By KERRI BYAM

The budget for fiscal year 2013 promises to give more breathing room for the school system this time around, Schools Chancellor Dennis Walcott told a City Council committee Tuesday.

Walcott said this follows a year of cuts in education funding. “In the end, I have been encouraged that our students’ progress has continued unabated, even as belts have tightened in recent years,” he said.

Robert Jackson, chairman of the Council Committee on Education, said he was pleased that Mayor Michael Bloomberg’s preliminary budget for fiscal year 2013 did not propose layoffs as last year’s budget did. However, as enrollments and class sizes increased, air jordan 9 Jackson said that schools simply could not afford to lose more teachers.

“Year after year the DOE [Department of Education] has made cuts to school budgets, said Jackson (D-Manhattan). “… How are schools supposed to make do next year given the loss of funding proposed in this preliminary budget?”

The preliminary budget would keep funding relatively flat: an increase of $209.6 million, or 1 percent, over the adopted budget for the current year. But a City Council analysis noted that a $900 million increase would be needed to maintain the current service levels due to rising costs expected in fiscal year 2013, which starts July 1.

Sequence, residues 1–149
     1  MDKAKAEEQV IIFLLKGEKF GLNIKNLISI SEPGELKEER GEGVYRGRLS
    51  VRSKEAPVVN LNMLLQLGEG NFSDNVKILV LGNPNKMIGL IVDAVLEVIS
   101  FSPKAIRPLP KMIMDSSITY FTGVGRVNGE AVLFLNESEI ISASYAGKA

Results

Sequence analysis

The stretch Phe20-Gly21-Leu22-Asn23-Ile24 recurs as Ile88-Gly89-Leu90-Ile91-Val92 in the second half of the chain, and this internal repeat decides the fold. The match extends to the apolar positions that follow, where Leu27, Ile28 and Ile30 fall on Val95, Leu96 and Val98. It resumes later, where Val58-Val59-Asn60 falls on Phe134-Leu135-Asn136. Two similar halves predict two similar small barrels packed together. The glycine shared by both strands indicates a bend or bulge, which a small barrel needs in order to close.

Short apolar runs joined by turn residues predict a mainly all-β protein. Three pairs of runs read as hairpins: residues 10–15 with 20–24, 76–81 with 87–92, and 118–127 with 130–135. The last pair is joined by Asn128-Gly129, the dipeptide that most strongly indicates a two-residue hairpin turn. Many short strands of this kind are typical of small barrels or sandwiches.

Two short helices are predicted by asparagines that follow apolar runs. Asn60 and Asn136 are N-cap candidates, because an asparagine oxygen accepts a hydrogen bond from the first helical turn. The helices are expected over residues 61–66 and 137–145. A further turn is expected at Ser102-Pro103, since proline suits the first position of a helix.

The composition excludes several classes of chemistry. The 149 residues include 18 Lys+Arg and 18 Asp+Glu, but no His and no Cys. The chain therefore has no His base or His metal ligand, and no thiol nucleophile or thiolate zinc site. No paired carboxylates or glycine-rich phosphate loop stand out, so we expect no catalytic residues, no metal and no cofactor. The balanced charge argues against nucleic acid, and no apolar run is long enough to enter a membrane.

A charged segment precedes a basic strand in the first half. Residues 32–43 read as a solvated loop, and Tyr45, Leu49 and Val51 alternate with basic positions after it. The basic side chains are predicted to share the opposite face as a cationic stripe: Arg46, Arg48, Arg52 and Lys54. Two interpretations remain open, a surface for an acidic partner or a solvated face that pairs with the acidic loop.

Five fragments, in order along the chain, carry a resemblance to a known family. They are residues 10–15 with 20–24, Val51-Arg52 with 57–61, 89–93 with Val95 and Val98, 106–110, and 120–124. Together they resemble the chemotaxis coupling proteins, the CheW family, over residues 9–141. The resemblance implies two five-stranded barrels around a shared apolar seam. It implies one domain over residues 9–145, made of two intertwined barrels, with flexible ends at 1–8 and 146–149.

With sharp cuts in both state and city funding in fiscal year 2012, last year’s budget deal averted 4,100 teacher layoffs Bloomberg had sought. But thousands of teachers were lost under the deal because those who voluntarily gave up a job were not replaced.

“I think that we have really failed—you have really failed our children, the mayoral control has been a dismal failure,” Council member Charles Barron (D-Brooklyn) said. After a decade of mayoral control, he added, the result is that “only 13 percent are prepared for college if they are black or Latino.”

Barron said that although funding was not being cut, the proposed budget was still bad for students. “If you leave somebody flat with the cost of everything going up, you’re actually cutting them,” he said.

Council member James Gennaro (D-Queens) called School District 24 in northwestern Queens one of the most overcrowded districts. Walcott agreed with him.

Council member Al Vann (D-Brooklyn) brought up last year’s controversial layoff of 646 school aides. “If you get the additional money from the state, I make a request that we find a mechanism to hire back those 646 school aides that were laid off last year,” he said. “They are still calling my office, looking for their job back.”